Every year, the Alumni Association honors a select group of outstanding young faculty members. In 2018, Alexander Angelov, Associate Professor of Religious Studies, was among that number.
Professor Angelov grew up at the intersection of two worlds. In Soviet-allied Bulgaria, his parents were educated in the communist system, which promoted atheism. His grandparents, however, were pious, observing long-held Eastern Orthodox Christian traditions.
These two worldviews were at odds, and Angelov was fascinated by the ways the old and new in Bulgaria interacted. He made the study of religion, especially Christianity, his life’s work and came to the United States to study and then teach history, anthropology and philosophy.
Angelov holds master’s degrees in history and classical Greek and a Ph.D. in history from the University of Michigan. He has done research and worked in Rome, Paris, London and Jerusalem. He came to William & Mary in 2011 and joined the faculty at the Department of Religious Studies, then became a member of both the Russian and Post-Soviet Studies program and the Medieval and Renaissance program.
“William & Mary attracted me with its rich history and vibrant intellectual community. As a scholar of Christianity who is interested in interdisciplinary work and collaboration with colleagues and students, this is a perfect place for me,” he says.
Angelov’s students describe him as approachable and inspiring, able to answer any question and invested in each student’s well-being. He encourages students to think critically about their own experiences as well as the class materials, challenging them to dig deeper into their understanding of each topic and its relevance to their lives. He is excited to see his students succeed and go on to pursue careers that aspire to help others and make a difference in the world.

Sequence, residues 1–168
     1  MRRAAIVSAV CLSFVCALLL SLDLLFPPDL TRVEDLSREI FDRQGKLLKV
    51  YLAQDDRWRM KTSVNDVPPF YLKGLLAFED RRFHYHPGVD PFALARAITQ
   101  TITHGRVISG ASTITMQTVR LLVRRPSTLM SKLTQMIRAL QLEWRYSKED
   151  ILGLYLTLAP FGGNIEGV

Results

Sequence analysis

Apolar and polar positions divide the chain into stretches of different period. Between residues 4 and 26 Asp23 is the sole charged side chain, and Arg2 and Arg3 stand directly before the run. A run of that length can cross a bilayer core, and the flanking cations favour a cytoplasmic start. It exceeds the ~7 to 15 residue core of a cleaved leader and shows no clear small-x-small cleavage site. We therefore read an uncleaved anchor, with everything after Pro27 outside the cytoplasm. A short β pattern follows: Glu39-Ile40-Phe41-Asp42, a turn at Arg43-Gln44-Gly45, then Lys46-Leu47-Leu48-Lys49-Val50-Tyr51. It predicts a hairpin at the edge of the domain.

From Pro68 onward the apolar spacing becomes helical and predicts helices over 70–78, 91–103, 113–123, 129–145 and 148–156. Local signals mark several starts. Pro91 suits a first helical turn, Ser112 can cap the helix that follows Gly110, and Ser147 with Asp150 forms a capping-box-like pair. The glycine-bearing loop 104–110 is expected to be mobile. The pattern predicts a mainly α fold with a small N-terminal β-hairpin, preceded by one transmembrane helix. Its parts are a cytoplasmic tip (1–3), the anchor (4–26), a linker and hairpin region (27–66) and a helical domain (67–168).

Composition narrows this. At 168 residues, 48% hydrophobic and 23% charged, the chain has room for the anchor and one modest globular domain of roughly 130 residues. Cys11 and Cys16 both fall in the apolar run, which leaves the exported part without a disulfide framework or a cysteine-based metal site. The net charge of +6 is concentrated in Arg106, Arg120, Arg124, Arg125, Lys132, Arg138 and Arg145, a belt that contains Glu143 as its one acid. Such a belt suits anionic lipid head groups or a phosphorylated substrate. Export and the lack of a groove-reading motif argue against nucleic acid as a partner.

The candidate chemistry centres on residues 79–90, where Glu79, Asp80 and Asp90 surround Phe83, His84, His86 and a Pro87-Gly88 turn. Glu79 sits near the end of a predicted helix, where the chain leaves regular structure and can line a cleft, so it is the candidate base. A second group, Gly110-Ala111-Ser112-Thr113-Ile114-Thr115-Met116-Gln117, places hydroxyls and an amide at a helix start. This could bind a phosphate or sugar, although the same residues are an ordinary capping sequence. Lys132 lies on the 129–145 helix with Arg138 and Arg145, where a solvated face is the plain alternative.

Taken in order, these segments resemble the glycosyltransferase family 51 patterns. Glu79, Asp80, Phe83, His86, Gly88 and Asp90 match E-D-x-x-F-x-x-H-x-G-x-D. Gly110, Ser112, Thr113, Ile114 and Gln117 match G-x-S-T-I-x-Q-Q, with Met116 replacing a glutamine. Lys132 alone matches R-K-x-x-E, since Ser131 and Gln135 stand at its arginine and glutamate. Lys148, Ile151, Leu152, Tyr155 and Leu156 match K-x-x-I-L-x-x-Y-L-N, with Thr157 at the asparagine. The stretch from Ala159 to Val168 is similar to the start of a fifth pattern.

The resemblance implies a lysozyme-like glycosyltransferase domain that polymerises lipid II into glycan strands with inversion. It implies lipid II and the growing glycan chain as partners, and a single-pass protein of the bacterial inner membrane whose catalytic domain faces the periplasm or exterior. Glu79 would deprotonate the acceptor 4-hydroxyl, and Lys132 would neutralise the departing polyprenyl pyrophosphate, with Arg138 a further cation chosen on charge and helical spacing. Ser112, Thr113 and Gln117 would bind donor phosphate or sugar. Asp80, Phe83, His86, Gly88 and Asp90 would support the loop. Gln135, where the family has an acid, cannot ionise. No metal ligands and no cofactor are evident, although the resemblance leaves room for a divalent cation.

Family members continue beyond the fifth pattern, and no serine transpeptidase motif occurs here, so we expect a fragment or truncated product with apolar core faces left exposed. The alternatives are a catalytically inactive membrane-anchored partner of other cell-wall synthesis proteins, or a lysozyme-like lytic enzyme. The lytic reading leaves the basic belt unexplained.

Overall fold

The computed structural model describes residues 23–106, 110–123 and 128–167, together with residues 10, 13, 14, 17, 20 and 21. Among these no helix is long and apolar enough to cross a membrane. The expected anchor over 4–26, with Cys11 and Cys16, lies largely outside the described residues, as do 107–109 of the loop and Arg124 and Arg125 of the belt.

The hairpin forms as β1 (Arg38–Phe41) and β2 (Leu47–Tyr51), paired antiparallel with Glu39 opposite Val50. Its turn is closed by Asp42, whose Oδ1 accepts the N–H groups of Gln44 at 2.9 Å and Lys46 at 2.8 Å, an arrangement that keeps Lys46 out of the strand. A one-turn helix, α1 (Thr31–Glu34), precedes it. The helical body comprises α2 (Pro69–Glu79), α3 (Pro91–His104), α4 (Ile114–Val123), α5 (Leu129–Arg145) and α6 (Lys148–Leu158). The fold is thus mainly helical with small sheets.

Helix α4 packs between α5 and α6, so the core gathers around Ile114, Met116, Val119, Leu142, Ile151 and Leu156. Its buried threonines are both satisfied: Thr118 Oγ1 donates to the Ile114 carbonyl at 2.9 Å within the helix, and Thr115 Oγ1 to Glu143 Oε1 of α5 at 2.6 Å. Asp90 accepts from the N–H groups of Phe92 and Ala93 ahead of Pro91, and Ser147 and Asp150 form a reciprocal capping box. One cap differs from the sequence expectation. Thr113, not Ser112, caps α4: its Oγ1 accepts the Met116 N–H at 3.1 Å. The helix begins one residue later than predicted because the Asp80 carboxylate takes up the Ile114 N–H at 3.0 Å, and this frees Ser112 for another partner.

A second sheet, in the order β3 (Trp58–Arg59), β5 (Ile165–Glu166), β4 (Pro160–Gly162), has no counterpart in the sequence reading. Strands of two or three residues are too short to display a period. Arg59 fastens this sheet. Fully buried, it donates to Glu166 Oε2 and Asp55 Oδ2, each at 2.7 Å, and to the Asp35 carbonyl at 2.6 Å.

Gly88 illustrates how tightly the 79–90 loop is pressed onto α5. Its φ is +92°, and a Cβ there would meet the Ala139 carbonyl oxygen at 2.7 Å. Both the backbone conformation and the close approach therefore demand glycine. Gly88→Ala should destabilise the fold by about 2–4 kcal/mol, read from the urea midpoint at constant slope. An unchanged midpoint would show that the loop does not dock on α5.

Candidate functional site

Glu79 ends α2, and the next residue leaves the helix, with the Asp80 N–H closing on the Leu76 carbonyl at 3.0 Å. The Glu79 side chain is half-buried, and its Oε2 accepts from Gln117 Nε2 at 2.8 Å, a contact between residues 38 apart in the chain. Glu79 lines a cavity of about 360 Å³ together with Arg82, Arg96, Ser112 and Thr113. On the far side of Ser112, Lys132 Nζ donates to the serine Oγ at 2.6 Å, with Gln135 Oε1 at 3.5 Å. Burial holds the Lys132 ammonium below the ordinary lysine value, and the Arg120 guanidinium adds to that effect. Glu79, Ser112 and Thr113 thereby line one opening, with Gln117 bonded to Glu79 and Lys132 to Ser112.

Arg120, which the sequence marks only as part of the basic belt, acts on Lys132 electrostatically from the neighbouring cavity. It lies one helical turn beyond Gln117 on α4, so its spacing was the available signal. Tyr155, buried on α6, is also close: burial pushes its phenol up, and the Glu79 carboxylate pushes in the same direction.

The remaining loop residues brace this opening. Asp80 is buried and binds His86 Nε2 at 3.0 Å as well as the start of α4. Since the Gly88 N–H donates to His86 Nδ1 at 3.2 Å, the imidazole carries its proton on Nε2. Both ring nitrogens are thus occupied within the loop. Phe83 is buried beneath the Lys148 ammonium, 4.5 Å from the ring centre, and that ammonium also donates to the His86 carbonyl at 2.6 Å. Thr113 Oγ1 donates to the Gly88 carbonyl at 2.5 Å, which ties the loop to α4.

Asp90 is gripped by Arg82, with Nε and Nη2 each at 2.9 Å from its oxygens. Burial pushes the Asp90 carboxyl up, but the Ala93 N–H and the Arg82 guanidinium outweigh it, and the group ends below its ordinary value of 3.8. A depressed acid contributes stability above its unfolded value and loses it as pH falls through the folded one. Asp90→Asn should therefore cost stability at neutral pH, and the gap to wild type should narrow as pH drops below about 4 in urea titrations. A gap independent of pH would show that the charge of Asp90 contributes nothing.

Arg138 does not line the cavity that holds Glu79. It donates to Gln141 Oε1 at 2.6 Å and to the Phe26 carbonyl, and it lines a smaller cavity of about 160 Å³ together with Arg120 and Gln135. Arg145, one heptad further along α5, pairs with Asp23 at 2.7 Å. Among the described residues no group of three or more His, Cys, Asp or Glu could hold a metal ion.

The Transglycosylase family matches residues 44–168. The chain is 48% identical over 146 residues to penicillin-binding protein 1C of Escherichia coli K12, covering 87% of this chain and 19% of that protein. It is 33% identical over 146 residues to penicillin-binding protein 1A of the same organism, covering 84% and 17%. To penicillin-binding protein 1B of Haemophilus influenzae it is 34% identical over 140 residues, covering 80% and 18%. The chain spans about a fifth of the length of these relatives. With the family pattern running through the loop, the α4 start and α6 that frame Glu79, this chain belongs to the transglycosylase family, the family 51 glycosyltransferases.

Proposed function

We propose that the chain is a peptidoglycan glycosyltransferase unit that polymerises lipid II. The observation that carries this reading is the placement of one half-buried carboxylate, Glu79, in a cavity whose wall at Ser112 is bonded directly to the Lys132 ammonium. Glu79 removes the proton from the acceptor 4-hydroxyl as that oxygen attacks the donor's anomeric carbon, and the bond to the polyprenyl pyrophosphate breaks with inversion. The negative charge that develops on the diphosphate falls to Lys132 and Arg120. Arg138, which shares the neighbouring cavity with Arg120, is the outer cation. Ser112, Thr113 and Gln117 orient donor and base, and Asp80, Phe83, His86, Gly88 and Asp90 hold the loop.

He is about to publish his book comparing conversions to Byzantine Christianity between 300 and 900 CE, the period in which Eastern Orthodoxy expanded the most. He also examines the way historians and politicians since have described the events of this period in ways that further particular agendas.
During his upcoming sabbatical, he will travel to Eastern Europe and Russia to conduct research for another upcoming book that explores Orthodox Christianity from the turn of the twentieth century and through the years of communism. He will focus on the way in which leading communist ideologues, educators and politicians interacted with religion and how they communicated their utopian ideas and notions of scientific and economic progress to societies steeped in folklore and rural traditions.
At William & Mary, Angelov especially enjoys teaching his Introduction to Christianity course, his largest class, which contains students from many different backgrounds.
“Everyone, even those who didn’t grow up Christian, is affected by the world’s largest religion very directly: culturally, politically and historically,” says Angelov. “My teaching philosophy is to connect the students’ personal experiences to a larger context, in effect bridging their own lives and values to the lives and values of others."